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I wanna take a minute or two, and give much respect due to the men that's made a difference in my world...

{stream of consciousness}

As I write this I am enjoying two of my favorite things, night-time coffee and the Stanley Cup Playoffs. Hockey is great, but they Stanley Cup Playoffs are amazing. It's the best of an entire season before it and, although it's a winter sport, it's my sign that Spring is finally here.

At any rate, I'm watching the game and casting my usual voodoo curse upon Sidney Crosby, who plays for the Pittsburgh Penguins and is a regular subject of my ice hockey hatred. He's an extremely talented player, one in a million, really. He's also unsportsmanlike and whinny and prone to dives that would win anyone else an Oscar. If PJ becomes a hockey fan, he's not the kind of player I would want him to admire.

But hockey isn't really the thing that drove me to blog tonight. I was watching Crosby pout because they lost, thinking to myself about what kind of man I do want PJ to admire.

I think that, for the most part, most young children are surrounded by women. Although it is the year 2015, it seems that teaching is still dominated by women, which means that our children spend most of their day under feminine supervision. Nearly all of PJ's therapists have been women, too. I am thankful every day for these amazing people who have helped my son reach goals I was scared he would never reach. They are the type of women I respect and admire and want to raise PJ to respect and admire. Our lives are better because they have been a part of it.

But tonight, I found myself thinking a bit about the men in PJ's life, and what he gets from knowing them. He's surrounded by some pretty strong, smart, talented boys and men, and I hope he has the opportunity to learn and draw from their gifts, just as he does the women in his life. Just as I hope he appreciates and admires women, I hope he learns how best to do that from the example of the men in his life.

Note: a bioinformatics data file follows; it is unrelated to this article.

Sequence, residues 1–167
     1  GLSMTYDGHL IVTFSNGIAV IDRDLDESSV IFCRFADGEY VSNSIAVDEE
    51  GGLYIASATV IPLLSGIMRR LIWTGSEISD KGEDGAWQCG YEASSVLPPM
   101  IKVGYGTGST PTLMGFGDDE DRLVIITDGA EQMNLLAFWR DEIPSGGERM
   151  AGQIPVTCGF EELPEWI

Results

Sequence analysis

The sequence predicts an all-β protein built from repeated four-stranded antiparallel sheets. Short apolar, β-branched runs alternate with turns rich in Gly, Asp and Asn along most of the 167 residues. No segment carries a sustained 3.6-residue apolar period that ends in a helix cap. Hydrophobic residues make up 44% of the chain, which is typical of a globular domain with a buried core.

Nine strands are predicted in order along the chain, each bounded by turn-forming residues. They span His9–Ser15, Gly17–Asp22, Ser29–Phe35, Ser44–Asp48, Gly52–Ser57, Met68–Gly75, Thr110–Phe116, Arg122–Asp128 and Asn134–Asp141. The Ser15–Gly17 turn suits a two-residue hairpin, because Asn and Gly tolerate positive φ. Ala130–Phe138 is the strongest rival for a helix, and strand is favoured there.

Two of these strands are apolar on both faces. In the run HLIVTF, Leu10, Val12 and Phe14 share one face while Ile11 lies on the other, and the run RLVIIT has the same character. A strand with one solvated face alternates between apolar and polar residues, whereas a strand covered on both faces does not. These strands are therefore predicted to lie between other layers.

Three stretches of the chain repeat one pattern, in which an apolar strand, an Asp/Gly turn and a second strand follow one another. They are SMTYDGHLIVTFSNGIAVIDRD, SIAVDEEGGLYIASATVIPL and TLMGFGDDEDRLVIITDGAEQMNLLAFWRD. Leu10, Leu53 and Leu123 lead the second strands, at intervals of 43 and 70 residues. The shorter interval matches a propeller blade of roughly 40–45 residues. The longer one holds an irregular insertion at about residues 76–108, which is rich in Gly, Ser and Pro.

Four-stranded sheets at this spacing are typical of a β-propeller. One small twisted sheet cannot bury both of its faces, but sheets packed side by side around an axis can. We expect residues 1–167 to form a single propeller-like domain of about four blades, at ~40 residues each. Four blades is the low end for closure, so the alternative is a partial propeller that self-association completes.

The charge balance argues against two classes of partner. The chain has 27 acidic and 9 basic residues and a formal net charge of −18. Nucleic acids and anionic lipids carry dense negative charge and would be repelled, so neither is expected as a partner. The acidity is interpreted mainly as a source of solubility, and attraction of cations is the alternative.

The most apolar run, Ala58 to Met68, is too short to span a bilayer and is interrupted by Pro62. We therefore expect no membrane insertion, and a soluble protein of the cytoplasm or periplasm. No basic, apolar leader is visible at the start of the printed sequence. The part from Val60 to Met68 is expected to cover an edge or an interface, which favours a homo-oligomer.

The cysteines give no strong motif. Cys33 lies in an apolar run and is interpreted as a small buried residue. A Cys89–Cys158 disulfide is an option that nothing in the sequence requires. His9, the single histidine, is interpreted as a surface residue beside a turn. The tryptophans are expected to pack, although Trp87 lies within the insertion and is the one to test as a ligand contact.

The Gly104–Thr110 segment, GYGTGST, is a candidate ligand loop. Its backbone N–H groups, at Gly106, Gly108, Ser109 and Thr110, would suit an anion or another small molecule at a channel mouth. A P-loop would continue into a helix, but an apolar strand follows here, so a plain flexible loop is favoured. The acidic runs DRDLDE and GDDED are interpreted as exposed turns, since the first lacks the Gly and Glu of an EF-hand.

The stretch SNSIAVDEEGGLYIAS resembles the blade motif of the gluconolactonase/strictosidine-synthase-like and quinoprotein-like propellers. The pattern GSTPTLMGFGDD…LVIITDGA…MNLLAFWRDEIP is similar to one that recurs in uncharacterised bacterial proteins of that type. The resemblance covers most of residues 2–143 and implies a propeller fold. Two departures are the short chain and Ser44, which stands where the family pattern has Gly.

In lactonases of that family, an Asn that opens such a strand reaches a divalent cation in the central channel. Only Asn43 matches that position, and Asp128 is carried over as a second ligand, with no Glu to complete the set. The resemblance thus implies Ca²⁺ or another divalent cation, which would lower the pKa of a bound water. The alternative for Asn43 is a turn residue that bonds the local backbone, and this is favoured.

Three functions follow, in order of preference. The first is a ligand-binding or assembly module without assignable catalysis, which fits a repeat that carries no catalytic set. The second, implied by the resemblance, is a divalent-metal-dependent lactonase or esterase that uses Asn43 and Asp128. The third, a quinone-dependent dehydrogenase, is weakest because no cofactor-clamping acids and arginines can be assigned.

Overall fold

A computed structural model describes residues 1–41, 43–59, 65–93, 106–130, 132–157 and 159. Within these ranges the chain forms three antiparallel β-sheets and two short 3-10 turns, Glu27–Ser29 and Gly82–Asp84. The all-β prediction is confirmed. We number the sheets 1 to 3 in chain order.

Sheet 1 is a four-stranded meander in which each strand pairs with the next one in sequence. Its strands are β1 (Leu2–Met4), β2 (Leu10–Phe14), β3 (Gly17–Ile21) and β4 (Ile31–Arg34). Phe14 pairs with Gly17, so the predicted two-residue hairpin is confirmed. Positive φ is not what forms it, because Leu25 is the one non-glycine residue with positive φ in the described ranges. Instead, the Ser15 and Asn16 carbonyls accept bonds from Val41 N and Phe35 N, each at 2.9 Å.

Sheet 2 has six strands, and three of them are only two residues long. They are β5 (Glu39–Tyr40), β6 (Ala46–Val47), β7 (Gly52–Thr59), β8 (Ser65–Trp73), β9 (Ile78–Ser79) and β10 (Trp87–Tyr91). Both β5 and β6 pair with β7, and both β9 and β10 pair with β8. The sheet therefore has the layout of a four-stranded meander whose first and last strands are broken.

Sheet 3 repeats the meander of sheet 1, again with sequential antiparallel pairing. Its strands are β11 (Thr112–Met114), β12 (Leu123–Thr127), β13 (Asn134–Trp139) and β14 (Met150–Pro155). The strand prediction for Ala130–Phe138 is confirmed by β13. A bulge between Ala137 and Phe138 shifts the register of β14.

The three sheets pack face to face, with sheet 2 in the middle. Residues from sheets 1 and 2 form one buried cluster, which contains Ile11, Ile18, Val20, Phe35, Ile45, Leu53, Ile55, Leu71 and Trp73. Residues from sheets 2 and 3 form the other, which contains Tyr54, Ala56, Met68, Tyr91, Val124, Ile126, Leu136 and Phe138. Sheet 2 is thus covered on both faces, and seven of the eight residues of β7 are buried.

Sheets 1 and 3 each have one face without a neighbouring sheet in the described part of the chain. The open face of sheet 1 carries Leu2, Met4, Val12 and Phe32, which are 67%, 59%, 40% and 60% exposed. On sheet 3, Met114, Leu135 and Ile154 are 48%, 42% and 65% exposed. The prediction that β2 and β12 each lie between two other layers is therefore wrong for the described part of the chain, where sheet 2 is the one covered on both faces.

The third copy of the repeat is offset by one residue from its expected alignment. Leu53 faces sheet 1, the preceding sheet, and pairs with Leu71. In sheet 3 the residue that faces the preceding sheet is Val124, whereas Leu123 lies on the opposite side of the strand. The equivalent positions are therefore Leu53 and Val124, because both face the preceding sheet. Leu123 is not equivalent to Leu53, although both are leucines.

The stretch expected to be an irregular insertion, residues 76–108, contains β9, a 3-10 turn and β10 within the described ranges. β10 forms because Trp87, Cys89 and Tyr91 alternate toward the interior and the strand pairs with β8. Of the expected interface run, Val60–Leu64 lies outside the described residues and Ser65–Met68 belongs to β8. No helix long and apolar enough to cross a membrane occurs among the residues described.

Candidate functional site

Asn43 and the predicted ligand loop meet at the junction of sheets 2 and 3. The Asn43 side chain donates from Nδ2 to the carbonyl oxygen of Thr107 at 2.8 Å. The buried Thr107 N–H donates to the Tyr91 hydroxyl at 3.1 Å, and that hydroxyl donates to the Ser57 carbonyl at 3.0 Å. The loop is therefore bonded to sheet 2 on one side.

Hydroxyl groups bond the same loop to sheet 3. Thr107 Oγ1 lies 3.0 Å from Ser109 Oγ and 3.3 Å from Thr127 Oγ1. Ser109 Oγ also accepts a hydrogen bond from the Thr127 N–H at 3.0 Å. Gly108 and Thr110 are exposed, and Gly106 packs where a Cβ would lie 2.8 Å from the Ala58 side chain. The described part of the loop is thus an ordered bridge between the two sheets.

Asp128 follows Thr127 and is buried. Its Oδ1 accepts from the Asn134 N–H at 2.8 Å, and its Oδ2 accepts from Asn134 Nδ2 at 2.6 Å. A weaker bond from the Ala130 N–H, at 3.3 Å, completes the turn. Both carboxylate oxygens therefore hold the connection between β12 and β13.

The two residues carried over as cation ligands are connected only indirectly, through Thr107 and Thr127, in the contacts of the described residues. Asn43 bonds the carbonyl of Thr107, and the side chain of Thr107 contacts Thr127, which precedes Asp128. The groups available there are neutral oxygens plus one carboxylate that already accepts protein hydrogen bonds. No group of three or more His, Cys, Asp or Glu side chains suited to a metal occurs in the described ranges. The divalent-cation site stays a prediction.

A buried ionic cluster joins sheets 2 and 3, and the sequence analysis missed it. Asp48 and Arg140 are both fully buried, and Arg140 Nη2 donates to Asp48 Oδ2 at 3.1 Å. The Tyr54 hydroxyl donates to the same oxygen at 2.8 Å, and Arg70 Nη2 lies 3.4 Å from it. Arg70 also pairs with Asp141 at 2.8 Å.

I hope he knows and appreciates the importance of math and science, and to understand his importance as a child of Jewish heritage, something he will learn from my dad, his Zayde. From his Pop, Pete's dad, the importance of building something from the ground up, and family loyalty. From his Uncle Steve, how to work hard and from his Uncle Carl, how to balance work and fatherhood. From his cousin Carl, how to share his natural talents and gifts with the world and his cousin Robbie, how to unlock secret worlds with imagination. From his amazing soccer buddies, Anthony and Nick, I hope he learns how to show others pure, natural kindness. From his "Uncles" Bob and Adam, how to be the most loyal friend possible. And of course, from his father, how to offer a composed, confidant, healing hand to those who are sick and scared, to be confidant in his beliefs and opinions, and how to be selfless, gracious, and brave.

Of course, as PJ gets older, he will become a fan of various musicians or sports heroes or movie stars, and I can only hope that he finds men to admire that display those same types of traits. Fame and money don't make life perfect, but it can certainly make it easier to be a kind person, and I hope PJ admires the best types of humans. I would like to think that the positive influence of the men who are in his life by design will shape the men he chooses to admire by choice.

PJ is lucky enough to have a very, very strong group of people- both men and women- who will influence him as he grows. As his mother, I am so thankful for that. I can see bits of PJ's future in all of the people around him and it looks very, very good.

Comments

Kenya said…
This is so great. Glad he has such a great influence always surrounding him.

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There's still much to learn, so many dreams to earn...

{...stream of consciousness}

Today is April 2nd, World Autism Awareness Day, and it is Autism Awareness Month.

The month begins on the heels of news from the Centers for Disease Control and Prevention that Autism is on the rise. 1 in 68 children in the areas followed by the CDC are identified as having an Autism Spectrum Disorder, up from 1 in 88 just a few years ago. In New Jersey, the numbers are far higher then the national average at 1 in 45. 

You can view a summary of the latest CDC report here, but there are two points of the report that stood out to me:
Less than half (44%) of children identified with ASD were evaluated for developmental concerns by the time they were 3 years old.Most children identified with ASD were not diagnosed until after age 4, even though children can be diagnosed as early as age 2.Content source: National Center on Birth Defects and Developmental Disabilities
PJ was diagnosed with Autism shortly after his second birthday. Pete and I had already utilized an e…